Goldfish Buoyancy Problems
Fantail goldfish and other varieties of goldfish with rounded bodies (orandas, lionheads, etc.) are more susceptible to swimming and buoyancy abnormalities due to the shape of their body.
Their rounded shape lowers the gas bladder in their abdomen, making them more susceptible to buoyancy disorders. The gas bladder is what normally controls the buoyancy in fish, and in goldfish the gas bladder is connected to the back of the mouth with a small tube, so the fish can add air as needed to maintain normal buoyancy.
Several problems occur in goldfish that can cause abnormal buoyancy problems. The first is that the fish can swallow air when they eat food at the surface. This puts air in their intestines, which has a tendency to flip the fish upside down as the belly becomes more buoyant. These fish will bob at the surface and only be able to swim down with difficulty. Feeding peas (or other high fiber foods) has been shown to help pass the “gas” out of the fish’s intestines and relieve the excess buoyancy.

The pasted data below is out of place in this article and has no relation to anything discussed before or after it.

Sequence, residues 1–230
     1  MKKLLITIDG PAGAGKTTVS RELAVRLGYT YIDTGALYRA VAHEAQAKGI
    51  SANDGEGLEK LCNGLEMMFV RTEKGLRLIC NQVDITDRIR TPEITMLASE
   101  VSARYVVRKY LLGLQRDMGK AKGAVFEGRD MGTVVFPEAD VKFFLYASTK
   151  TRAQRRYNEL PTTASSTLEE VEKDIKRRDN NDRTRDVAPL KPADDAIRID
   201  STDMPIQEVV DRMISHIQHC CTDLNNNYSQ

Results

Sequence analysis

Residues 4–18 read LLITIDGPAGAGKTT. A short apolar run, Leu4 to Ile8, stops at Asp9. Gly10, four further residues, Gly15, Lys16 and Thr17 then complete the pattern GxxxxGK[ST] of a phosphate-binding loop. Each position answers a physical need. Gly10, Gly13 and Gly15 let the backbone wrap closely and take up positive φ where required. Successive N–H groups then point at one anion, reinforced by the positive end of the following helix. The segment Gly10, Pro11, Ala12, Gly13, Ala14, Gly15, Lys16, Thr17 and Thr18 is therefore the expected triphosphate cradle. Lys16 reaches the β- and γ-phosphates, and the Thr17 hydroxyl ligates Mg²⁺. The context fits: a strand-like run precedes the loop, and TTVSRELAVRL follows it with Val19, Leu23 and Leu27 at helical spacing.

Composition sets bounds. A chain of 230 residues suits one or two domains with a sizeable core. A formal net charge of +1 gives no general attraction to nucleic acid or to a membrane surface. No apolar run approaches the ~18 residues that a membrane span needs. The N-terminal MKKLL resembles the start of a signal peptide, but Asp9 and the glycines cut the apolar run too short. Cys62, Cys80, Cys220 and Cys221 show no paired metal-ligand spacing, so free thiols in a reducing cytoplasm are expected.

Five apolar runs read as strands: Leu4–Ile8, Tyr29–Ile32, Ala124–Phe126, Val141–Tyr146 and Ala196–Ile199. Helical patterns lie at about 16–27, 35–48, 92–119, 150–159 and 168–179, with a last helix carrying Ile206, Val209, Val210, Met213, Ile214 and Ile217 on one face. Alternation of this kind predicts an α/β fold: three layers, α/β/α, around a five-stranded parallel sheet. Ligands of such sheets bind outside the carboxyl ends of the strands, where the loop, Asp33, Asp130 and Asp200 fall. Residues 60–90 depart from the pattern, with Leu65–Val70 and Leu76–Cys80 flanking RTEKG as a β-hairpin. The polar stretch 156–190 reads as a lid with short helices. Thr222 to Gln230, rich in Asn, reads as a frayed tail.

The second problem also occurs when the goldfish eat food at the surface of the water. Excess air can enter the gas bladder through the pneumatic duct that connects the pharynx to the gas bladder. This will make the fish float to the surface. By feeding sinking pelleted food, flake food that has been soaked so that it sinks or other food that does not float at the surface, the fish are less likely to ingest air or overinflate their gas bladder.
A third possible cause is due to inadequate oxygen in the water. Goldfish are one of the fish species that can survive in low oxygen water by “breathing” air at the water surface/air interface. Goldfish will gulp air at the surface of the water if there isn’t enough oxygen dissolved in the water. This can lead to abnormal air ingestion. Providing good aeration and filtration in an aquarium should reduce this problem.
Goldfish that already have buoyancy disorders can be treated by aquatic veterinarians to remove excess gas from the bladder, usually with supplemental antibiotics to ensure they don’t have bladder infections. The website AquaVetMed.Info can be used to find veterinarians in all parts of the country that practice fish medicine.